In the drawings, and for the purpose of clear illustration, I have perhaps slightly exaggerated the thickness of the walls of the coupling I, but I want it understood that in actual manufacture the edges 44 of the coupling'i need not be so rounded and need not present such an abrupt rise with respect to the cylindrical plane of the hose sections 5 and 6, and, if desired, the walls of the coupling I can be extended to the right and left of Figs. 1 and 6 so as to taper gradually towards the level or cylindrical plane of the hose section being connected. Since it will be obvious to anyone skilled in the art as to how this can be done, I deem it unnecessary to show the same in detail. Since the cost of stamping the washers shown, or any similar washers, is extremely small, and since my coupling can also be inexpensively produced by a two-part mold, it will be seen that my entire coupling, including the washer, can be made and sold at a much lower cost than the cost of the metallic fittings now in use. It will also be seen that no tools or no special skill is needed in connecting the ends of a hose by means of my coupling since all that is necessary is to place the washer against the end of the hose as shown at the left hand side of Figs. 1 and 5 and then to force the end of the hose into the coupling as far as it will go.
While I have, in the drawings, illustrated a coupling and repair link made of flexible material 1 such as a rubber compound and illustrated it in particular connection with the coupling and repairing of a rubber hose such as a garden hose, it is to be understood that the body portion I of the coupling as well as the center flange I2 with or without the cylindrincal extensions I4 and I6 may be made of a soft metal into which the ends of metallic tubes can be driven with or without the intervention of suitable gaskets, and that the tubular member I with its abutment flange I2 may be made of metal with a rubber felt or simiends of the hose to be connected may abut, to-' gether with means adapted to lock or secure the end of the hose within the tubular member after the hose is inserted into said tubular member, and the looking or securing of the hose within the tubular member being the necessary result of the inserting operation and not in the nature of a secondary or dependent operation.
In Fig. 8 I have shown a modified form of my invention in which one-half of the coupling 1 is made according to the disclosure of Fig. 1 or Fig. 2, that is, for coupling the end of a hose by means of the washer 20 or 36 and the arms 24 or 31 while the other half of the coupling I is threaded as at 48 to receive the threaded end of a hose to be coupled. Thus, when it is desired to repair a hose by cutting out the damaged portion, we have two square cut ends such as shown in Figs. 1 and 5 and they are coupled together in the manner shown. If, however, it is desired to couple a piece of hose which has a square cut end, as shown, to another piece of hose the end of which is already equipped with a threaded sleeve in the usual manner, then the threaded end of the hose having the threaded sleeve is threaded into the threaded end 48 of the coupling while the square cut end of the additional hose to be connected is inserted in the opposite end of the coupling.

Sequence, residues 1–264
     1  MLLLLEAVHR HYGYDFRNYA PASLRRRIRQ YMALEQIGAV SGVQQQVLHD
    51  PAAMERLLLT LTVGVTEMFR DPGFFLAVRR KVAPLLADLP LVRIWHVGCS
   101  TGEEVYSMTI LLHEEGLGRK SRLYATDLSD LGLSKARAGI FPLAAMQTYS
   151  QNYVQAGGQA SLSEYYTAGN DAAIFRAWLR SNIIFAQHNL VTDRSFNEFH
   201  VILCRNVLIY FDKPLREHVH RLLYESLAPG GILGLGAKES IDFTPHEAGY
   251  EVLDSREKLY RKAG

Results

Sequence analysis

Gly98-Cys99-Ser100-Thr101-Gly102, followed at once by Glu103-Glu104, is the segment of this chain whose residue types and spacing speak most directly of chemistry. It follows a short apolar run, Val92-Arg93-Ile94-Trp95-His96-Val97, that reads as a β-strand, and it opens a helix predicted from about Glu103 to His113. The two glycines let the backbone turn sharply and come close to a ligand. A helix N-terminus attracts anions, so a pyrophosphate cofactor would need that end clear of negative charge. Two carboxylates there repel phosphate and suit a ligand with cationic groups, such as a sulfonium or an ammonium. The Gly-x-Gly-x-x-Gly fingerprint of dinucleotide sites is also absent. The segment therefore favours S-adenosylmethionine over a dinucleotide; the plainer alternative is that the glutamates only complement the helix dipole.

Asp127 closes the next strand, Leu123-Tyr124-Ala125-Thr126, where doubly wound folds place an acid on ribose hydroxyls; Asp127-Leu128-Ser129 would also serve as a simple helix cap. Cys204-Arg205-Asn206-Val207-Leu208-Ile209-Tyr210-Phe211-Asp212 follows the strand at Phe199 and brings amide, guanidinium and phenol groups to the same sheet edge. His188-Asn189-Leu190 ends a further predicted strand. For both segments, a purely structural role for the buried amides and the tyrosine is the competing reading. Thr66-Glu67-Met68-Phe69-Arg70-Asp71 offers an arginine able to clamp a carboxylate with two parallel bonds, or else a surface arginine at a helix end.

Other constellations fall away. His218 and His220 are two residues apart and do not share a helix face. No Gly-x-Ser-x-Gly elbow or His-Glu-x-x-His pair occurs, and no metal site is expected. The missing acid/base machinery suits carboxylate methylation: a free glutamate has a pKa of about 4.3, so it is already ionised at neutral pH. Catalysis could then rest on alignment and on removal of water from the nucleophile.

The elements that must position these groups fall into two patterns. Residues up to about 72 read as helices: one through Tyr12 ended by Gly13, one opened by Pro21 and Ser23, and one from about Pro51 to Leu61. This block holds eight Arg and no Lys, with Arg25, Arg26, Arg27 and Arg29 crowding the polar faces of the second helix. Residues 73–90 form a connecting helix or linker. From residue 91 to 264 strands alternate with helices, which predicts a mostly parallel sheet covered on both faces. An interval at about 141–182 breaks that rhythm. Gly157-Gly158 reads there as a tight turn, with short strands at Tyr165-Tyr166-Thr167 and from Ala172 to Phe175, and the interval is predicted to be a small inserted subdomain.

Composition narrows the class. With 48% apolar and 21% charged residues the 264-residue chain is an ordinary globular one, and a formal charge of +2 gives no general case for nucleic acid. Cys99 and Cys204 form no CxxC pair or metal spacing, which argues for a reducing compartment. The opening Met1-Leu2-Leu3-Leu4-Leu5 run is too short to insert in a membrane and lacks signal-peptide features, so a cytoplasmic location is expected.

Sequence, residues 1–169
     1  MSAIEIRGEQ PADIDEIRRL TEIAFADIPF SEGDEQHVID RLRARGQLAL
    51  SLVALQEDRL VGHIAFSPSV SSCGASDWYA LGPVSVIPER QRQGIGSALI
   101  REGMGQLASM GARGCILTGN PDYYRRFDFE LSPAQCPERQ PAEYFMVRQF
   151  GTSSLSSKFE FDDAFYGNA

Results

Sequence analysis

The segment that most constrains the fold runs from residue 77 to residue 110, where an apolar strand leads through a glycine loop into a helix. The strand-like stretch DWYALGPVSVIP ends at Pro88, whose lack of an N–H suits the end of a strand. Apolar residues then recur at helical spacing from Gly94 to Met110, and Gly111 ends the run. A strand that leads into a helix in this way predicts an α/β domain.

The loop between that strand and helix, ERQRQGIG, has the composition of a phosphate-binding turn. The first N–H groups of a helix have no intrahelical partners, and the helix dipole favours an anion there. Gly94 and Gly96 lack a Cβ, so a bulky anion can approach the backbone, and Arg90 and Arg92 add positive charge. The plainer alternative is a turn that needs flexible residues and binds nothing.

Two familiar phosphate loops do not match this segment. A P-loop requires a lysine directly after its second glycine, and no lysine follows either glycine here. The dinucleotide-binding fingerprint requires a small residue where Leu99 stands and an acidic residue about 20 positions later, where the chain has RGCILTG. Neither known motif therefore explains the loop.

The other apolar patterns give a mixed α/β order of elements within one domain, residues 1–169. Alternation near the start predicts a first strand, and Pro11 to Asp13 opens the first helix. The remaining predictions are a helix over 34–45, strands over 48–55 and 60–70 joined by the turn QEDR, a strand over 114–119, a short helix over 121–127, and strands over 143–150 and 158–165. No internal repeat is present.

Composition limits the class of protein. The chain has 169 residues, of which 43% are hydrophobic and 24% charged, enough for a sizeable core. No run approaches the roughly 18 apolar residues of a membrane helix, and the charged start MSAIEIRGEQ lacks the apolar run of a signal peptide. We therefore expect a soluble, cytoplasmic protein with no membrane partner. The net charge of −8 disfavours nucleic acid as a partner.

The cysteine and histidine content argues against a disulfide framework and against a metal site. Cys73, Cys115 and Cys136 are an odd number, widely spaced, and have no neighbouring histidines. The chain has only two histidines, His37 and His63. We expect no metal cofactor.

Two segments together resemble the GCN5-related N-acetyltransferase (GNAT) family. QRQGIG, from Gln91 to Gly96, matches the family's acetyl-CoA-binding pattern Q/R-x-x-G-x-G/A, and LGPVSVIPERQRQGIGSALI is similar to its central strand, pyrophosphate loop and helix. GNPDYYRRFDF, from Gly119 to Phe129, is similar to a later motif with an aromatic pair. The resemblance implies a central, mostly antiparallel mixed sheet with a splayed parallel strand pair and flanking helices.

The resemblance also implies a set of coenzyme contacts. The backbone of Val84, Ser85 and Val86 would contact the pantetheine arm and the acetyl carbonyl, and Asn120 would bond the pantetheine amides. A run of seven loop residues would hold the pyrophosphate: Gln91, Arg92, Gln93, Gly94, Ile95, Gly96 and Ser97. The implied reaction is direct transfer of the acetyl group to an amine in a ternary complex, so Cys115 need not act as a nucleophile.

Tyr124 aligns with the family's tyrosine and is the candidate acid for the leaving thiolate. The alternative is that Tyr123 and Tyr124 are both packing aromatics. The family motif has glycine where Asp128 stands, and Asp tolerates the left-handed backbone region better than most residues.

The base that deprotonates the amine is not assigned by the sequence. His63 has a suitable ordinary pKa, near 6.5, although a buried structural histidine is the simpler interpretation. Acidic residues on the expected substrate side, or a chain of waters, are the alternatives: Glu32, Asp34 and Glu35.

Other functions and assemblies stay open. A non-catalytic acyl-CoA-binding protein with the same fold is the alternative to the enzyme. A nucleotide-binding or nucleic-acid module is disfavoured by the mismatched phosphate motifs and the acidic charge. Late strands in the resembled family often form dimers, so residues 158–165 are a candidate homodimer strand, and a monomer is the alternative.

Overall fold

4 Patent is:
, member into two communicating chambers each of which is adapted to receive the end of a hose section, an internal shoulder formed in each of said chambers in advance of the outer end thereof, and means adapted to abut against said shoulder and engaging the ends of said hose sections for locking the latter in position comprising washers having extensions adapted to engage said hose sections and said shoulders.
2. A coupling and repair link comprising a tubular member, a flange on the inner wall of said tubular member dividing the bore of said tubular member into two communicating chambers each of which is adapted to receive the end of a hose section, an internal shoulder formed in each of said chambers inadvance of the outer end thereof, and means adapted to abut against said shoulder and engaging the ends of hose sections for locking the latter in position comprising spring washers having resilient extensions adapted to engage said hose sections and said shoulders. 3. A coupling and repair link comprising a tubular member, a flange on the inner wall of said tubular member dividing the bore thereof into two communicating chambers each of which is adapted to receive the end of a hose section, one of said chambers being internally threaded and the other' of said chambers having an abutment formed therein intermediate said flange and the outer end of said opening, and means engaging the end of a hose section and bearing upon said abutment for locking said hose section in position comprising spring washers having extensions adapted to engage said hose section and said abutment.
STANLEY F. GLEASON.